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The Reality of Reality TV

Judy Zhang, Staff Writer

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A swift tap of the keyboard and numerous articles regarding The Bachelor appear, complete with a Wikipedia page listing the cast members and producers, along with a detailed description of the show’s plot. The buzz surrounding Corinne Olympios, the show’s most dramatic contestant, is endless and the conversation is always filled with gossip and excited cries of “did you see what happened on The Bachelor last night?”

Millions of viewers tune in every Monday night to watch the latest bachelor, Nick Viall, dangle the latest women by his fingertips, creating an addicting, much-anticipated show that leaves fans in shock by the season finale.

The reality that viewers are presented with in “reality TV” is, in fact, anything but. Over time, the genre has gradually diverged more and more from real people and real events, a shift which poses serious consequences not just for viewers but for society as a whole. There are shows where contestants sing while undergoing nauseating experiences, such as stepping inside a container of spiders or snakes all for a monetary prize.

Not only do the aforementioned shows play on embarrassment and humiliation as a substitute for entertainment, they also reinforce the stigmas that people have been trying so hard to break. Shows such as Keeping Up With the Kardashians have ingrained in girls across the nation that if you want to be successful, you must be pretty, be born into the upper class and have a diva attitude.

From American Idol to Dancing With the Stars, reality TV shows have spread across all genres. And yet, despite their differences, they have one common denominator: they’re all fake. Reality TV shows warp its viewers’ perception by showcasing the negative aspects of a person’s personality to stir up drama. They only film the failures, rather than the accomplishments. The viewers might believe that they’re watching something substantial, but the truth is that producers have shot and reshot scenes multiple times until they are staged to a perfect facade of reality.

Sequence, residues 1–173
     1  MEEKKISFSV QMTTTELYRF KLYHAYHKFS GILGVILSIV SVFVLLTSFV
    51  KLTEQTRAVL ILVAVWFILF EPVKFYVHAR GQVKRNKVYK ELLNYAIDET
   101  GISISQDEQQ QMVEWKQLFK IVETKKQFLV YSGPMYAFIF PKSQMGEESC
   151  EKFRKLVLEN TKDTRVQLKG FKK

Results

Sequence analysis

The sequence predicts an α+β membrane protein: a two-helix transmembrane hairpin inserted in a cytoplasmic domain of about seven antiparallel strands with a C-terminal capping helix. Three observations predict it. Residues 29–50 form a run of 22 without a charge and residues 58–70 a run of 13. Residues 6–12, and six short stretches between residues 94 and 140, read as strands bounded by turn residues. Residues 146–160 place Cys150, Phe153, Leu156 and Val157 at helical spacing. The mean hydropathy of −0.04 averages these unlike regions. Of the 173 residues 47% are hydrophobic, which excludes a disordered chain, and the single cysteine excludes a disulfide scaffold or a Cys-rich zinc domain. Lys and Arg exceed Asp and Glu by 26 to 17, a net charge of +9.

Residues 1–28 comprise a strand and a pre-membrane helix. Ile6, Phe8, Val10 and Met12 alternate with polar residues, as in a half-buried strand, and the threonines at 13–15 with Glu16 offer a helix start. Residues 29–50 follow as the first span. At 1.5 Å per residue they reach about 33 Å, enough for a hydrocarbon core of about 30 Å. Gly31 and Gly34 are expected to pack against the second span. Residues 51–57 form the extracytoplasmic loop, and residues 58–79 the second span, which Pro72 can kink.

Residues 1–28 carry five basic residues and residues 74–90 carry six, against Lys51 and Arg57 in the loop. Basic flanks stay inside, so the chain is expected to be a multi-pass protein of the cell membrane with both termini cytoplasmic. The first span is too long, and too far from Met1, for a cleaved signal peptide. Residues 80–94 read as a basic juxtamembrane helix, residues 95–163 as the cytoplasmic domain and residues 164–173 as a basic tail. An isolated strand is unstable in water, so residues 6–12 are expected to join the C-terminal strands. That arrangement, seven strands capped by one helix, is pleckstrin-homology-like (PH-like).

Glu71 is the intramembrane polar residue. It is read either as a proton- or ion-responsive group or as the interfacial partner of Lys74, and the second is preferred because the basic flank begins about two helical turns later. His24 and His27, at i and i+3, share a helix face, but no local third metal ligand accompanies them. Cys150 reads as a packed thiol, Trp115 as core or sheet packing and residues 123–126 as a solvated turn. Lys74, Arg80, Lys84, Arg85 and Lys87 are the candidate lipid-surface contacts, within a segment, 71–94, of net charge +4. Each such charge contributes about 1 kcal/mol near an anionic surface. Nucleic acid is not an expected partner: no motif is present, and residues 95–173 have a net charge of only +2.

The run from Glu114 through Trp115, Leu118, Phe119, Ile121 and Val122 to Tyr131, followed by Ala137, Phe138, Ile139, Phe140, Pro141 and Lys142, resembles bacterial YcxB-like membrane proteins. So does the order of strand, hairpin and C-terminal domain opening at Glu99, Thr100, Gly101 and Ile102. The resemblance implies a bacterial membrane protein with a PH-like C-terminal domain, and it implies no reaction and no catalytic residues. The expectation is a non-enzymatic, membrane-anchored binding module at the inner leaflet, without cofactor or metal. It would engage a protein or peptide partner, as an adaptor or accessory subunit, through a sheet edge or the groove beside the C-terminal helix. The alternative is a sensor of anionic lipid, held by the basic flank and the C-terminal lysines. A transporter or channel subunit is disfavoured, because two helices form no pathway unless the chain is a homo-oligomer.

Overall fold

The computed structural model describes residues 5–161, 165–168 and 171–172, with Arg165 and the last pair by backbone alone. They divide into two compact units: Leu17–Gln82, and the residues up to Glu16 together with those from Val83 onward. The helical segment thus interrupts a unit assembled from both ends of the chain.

Reality TV marginalizes people to only a collection of adjectives due to the limited amount of time viewers see these contestants. Contestant X will be characterized as “snobby, bratty, annoying, mean” because the producers have only chosen to show the “snobby, bratty, annoying, mean” aspect of their personality.

Viewers might believe that they’re getting the real picture of what life looks like behind closed doors at the Kardashian house, but in reality they’re only getting a sliver of the “real-life” and basing their entire perception of one person off of those 30 on-screen minutes.  Given the precedent set by reality TV shows, any sort of realistic entertainment content, whether it be vlogs or YouTube videos or documentaries, is subject to questions regarding the information’s authenticity. It makes you wonder if we can really trust the things we perceive on any electronic device.

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The online student newspaper of Palisades Charter High School
The Reality of Reality TV